As part of our reading assignments this semester, we had to read "Feminism is for Everybody: Passionate Politics" (2000), as this was my first introduction to bell hooks. Not knowing her prior to the reading gave me a , but now after her book and this assignment, I have enjoyed learning about her life and can respect her views and opinions she has so passionately expressed in many different outlets. As I move on toward obtaining another degree and facing challenges in life, I can appreciate everything hooks has accomplished with the utmost respect outside of her views on feminism.


References:

http://www.allaboutbell.com/

http://en.wikipedia.org/

http://www.notablebiographies.com/



Aaron Ashba









10 comments:

Women's Studies 200 Class said...

It was interesting to see a picture of bell hooks. For some unknown reason that is not what I pictured her to look like. What did I imagine her looking like? Perhaps a bit less polished...not as refined as she seems to be from her picture. They say a 'picture tells a thousand words' however in this case, it does not. She seems so soft and not someone to use some of the language and strong sentiment that she shows in her book. But, am I just contributing to the myth about women and what and how they should look and act? I think so. We have been conditiioned for many years as young girls, white women, and middle class ladies growing up in the 70's, that I have been succumbed to myself. I feel a bit shameful.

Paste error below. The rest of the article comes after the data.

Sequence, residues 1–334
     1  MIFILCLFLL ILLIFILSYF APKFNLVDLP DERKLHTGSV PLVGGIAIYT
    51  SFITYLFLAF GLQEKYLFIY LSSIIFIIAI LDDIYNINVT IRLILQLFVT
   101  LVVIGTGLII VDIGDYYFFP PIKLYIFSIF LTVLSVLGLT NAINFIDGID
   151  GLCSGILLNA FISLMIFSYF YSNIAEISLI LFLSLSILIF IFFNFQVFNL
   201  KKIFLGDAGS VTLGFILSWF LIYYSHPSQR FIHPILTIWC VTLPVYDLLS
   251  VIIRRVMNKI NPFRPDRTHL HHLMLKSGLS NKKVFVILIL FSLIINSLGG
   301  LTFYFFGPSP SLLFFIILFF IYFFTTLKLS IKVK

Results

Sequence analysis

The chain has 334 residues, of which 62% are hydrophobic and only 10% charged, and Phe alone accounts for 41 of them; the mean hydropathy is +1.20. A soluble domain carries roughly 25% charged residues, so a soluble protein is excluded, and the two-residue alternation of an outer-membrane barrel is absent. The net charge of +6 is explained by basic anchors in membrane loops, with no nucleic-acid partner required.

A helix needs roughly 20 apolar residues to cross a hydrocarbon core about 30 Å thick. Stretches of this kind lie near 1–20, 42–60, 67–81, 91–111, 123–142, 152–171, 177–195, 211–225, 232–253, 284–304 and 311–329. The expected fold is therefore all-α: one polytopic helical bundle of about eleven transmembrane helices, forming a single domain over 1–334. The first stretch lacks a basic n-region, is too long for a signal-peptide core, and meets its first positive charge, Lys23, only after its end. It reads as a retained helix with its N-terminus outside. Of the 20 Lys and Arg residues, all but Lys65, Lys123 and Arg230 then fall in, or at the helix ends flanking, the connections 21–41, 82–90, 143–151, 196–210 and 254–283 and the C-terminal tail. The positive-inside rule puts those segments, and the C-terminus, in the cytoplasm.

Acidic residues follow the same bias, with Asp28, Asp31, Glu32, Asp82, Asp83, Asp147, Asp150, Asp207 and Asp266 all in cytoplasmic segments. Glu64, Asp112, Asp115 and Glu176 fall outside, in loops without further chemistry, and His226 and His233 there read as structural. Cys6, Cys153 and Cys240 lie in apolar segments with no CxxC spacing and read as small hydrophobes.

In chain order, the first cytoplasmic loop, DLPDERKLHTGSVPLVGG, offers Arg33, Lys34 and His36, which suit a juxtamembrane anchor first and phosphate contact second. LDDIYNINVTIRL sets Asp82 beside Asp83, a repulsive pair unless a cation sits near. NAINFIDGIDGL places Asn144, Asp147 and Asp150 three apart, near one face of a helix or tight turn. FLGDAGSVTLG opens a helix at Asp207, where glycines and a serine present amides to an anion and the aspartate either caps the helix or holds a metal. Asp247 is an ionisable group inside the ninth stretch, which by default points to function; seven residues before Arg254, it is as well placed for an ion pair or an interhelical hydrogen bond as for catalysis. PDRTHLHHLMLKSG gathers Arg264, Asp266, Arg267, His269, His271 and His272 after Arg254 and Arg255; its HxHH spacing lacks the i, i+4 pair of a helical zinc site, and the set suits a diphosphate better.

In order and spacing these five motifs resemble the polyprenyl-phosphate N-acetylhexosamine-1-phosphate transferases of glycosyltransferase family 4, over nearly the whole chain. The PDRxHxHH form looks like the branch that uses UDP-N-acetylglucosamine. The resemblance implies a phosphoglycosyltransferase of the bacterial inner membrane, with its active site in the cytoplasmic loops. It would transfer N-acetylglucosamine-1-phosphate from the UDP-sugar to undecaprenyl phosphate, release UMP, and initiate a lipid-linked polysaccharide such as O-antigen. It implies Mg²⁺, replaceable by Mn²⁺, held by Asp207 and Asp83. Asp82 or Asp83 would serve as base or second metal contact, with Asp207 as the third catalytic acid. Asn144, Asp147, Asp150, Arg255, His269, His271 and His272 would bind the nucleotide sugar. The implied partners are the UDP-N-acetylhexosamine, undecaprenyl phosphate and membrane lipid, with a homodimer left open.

Women's Studies 200 Class said...

Oh, that previous comment was made by me, Kim Seder. Sorry.

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Anitra Harrison said...

Hi, there I'm currently taking a Women and Art graduate course and I was wondering if there was a way to subscribe to your blog for research purposes. I am currently reading Wagner, Anne. "Kara Walker: The Black-White Relations"

The Blck-White Relations." Narratives of a Negress.
race and gender from Bell Hooks "feminism is for everybody"

Hobson, Janell. “The "Batty" Politic: Toward an Aesthetic of the Black Female Body.

I saw you already had a blog on Bell Hooks, but I was wondering if you had anymore insight that you have shared on any of the topics I mentioned. and again I would love to subscribe. i also have academic blogs on Blogger so feel free to check me out